It was a wet, a particularly wet, January Saturday afternoon in Bala. I had driven up to watch my team Cefn Druids take on the mighty Premier League Bala Town in the Welsh Cup (*), only to find when I arrived that the match had been cancelled. Hardly surprising I suppose given the thunder, rain and hail I had met with on the way.
The one dry place in town was Beuno’s Well. The water no longer bubbles up here, replaced by stone flags and gravel, a victim of health and safety. Still, we are very lucky to have remains to see at all, and all due to the determination and dedication of various groups in the 1990s and early part of this century who saved the well from total destruction.
I won’t go into details of Beuno’s life here. His mark is stamped heavily across North Wales and we have already given accounts of his wells at Gwyddelwen, Holywell and Clynnog. His specific connection with Bala is a little less clear; one just assumes he passed this way on his travels. To be precise, it is actually the Parish of Llanycil, a community a little further along the lake where the church, now deconsecrated, which was dedicated to Beuno. This historically was the parish in which Bala lay, so the well perhaps technically belongs to Llanycil despite having been subsumed by the urban sprawl of Bala.
Beuno’s well here had a reputation as a healing well, being good for ligaments and bones, for eyes and for the liver, kidneys and bowels depending on whether you bathed in it or drank it. Its fame lasted into the Victorian era when Richard Lloyd Price of Rhiwlas, on whose estate it then lay, jumped into the burgeoning health spas market, bottling and selling St Beuno’s Table Waters, efficacious for the kidneys, and Rhiwlas Sparkling Water. A bottling plant was established briefly in the old Workhouse Building on the High Street. Covering all bases he also operated a nearby whisky distillery.
As the craze for table waters receded, the well fell further into disrepair. In the 1970s the land surrounding the well was sold to builders for housing development. but by luck some covenant prevented the owners including the land the well sat on in the sale. So thus it stayed, a little island in the midst of a housing estate. Although not actually built on, it filled up with builder’s rubble and covered over with spare earth from the works.
For 20 years it remained, a circular wall around it and grassed over. Fighting off various attempts from the householders around it to surreptitiously annex it into their gardens; until attempts began to obtain permission to close off the well legally and remove the restraints on the land use. This came to the attention of Cymdeithas Ffynhonnau Cymru. They joined with local historical societies and the National Park to save the land and later to reopen the well. After many arguments and counterarguments work began in the early 2000s to excavate the site and reveal the structures below. What was found matched the record of the Royal Commission from 1913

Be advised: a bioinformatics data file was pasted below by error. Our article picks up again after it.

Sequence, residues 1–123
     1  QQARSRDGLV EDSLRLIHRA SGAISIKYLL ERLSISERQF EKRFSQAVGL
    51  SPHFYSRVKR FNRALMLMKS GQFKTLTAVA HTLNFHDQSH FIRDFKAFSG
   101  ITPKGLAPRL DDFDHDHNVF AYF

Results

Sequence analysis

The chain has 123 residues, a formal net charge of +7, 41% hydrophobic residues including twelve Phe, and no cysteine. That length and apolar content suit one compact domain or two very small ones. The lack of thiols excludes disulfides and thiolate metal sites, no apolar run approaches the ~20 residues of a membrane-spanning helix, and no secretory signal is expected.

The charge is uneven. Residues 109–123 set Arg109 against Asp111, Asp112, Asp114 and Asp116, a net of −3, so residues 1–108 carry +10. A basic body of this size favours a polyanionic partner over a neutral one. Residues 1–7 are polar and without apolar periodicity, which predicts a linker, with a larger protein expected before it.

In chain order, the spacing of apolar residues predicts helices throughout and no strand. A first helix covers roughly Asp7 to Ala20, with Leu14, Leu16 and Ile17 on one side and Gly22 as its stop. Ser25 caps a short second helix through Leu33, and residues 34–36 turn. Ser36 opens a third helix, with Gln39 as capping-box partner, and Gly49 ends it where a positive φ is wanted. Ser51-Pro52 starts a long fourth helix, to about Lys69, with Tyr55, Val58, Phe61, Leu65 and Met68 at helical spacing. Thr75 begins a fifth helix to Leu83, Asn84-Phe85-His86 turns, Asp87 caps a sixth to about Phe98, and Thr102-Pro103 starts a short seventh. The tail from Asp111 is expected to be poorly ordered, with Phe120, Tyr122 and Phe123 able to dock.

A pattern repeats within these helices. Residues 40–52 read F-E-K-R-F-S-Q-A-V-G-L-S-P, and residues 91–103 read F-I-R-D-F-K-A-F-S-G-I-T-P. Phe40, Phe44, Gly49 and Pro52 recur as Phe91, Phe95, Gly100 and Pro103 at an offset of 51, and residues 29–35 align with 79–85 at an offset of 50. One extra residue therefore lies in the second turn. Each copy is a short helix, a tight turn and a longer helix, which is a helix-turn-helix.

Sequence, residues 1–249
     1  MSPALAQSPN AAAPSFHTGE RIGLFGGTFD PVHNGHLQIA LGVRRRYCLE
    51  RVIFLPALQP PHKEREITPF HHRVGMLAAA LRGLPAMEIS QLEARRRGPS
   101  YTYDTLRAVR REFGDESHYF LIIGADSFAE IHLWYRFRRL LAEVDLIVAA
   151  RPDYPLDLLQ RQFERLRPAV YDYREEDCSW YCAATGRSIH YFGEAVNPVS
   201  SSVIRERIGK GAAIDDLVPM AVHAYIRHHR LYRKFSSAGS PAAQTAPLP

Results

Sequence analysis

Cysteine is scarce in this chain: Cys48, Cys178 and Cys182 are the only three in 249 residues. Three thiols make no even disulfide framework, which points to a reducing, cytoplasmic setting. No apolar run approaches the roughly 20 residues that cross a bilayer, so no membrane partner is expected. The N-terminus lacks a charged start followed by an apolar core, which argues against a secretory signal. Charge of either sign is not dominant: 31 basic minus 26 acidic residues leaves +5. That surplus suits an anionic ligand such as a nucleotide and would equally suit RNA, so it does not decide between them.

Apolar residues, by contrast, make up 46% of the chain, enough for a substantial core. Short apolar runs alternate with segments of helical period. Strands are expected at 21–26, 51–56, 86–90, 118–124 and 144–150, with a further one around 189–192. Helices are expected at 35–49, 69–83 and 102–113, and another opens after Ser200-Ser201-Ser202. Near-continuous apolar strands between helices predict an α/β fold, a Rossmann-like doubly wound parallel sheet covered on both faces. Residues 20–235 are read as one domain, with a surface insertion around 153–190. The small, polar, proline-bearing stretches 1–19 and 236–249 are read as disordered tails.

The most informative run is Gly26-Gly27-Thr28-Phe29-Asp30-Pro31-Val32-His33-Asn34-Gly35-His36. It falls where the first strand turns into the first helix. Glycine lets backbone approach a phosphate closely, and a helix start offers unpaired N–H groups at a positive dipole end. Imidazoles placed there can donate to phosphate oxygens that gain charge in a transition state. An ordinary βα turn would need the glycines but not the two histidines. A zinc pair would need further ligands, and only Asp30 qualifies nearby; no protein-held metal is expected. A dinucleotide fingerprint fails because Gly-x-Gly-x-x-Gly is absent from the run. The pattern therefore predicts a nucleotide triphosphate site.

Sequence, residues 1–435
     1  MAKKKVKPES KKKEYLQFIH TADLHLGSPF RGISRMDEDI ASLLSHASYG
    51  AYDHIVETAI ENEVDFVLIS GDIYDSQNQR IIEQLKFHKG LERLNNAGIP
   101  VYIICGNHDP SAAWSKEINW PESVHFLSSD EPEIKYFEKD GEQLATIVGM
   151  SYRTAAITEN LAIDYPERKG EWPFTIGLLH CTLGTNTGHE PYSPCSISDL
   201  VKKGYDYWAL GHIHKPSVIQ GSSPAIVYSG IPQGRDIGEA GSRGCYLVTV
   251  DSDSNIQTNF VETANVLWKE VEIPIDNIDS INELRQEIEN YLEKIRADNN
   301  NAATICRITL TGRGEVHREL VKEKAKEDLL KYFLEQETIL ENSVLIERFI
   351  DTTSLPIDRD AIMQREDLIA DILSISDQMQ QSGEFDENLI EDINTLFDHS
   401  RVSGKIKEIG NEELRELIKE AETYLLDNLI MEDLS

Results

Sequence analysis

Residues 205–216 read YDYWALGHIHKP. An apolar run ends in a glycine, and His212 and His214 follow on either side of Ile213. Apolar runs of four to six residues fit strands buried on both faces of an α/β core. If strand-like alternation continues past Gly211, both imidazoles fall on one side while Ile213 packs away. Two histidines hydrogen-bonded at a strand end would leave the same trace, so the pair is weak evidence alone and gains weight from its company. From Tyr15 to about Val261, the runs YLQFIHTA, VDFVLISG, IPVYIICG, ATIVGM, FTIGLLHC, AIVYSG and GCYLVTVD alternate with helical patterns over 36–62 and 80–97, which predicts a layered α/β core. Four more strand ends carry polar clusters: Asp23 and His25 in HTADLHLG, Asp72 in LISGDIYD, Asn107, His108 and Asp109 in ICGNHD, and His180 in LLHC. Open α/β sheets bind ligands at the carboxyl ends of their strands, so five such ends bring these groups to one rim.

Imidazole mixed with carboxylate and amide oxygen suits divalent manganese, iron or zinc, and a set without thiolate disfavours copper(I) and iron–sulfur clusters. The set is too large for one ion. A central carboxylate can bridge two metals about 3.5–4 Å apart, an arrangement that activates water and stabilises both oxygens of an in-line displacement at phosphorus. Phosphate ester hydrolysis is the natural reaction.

“.. rising in a sunken rectangular enclosure of stone, 12 feet by 9 feet with six steps at one corner. The water is fairly deep and the overflow is copious; where it crossed the main road the roadway was roughly paved, hence the name ‘Pensarn Road.’ There are no traces of buildings over or immediately around the well. The hilly district to the south-west is called Bronydd Beuno.”
The image below belongs to and is linked from the website of Cymdeithas Ffynhonnau Cymru (link) showing the well during excavation
Once excavated, the structure once again filled with water although it was impossible to tell whether this was from the spring still flowing or from the general level of the local water table. Plans to leave the well as found, however, had to be abandoned. The site was considered dangerous within the housing estate, earth from the building works was piled high against the edges of the well and there was no scope for water to flow out. Consequently the well was refilled and the structure seen today created. The walls are largely new construction on the top of the original structure, with two of the six steps retained to give an idea of what was once there. The whole is filled with gravel and surrounded with paving stones to minimise the need for maintenance.
So we see here the shadow of a well, a representation and importantly a reminder of what was there; and this is a tribute to those organisations that protect, preserve and rescue these wells. Had people not have stepped in, objected and campaigned when they did, then this site and almost all memories of Ffynnon Beuno at Bala would have been lost within a generation.
The details of the restoration of the well is taken from the website of Cymdeithas Ffynhonnau Cymru
(*) Written at a time when Bala were flying high in the Premier League and Druids were languishing in the Alliance.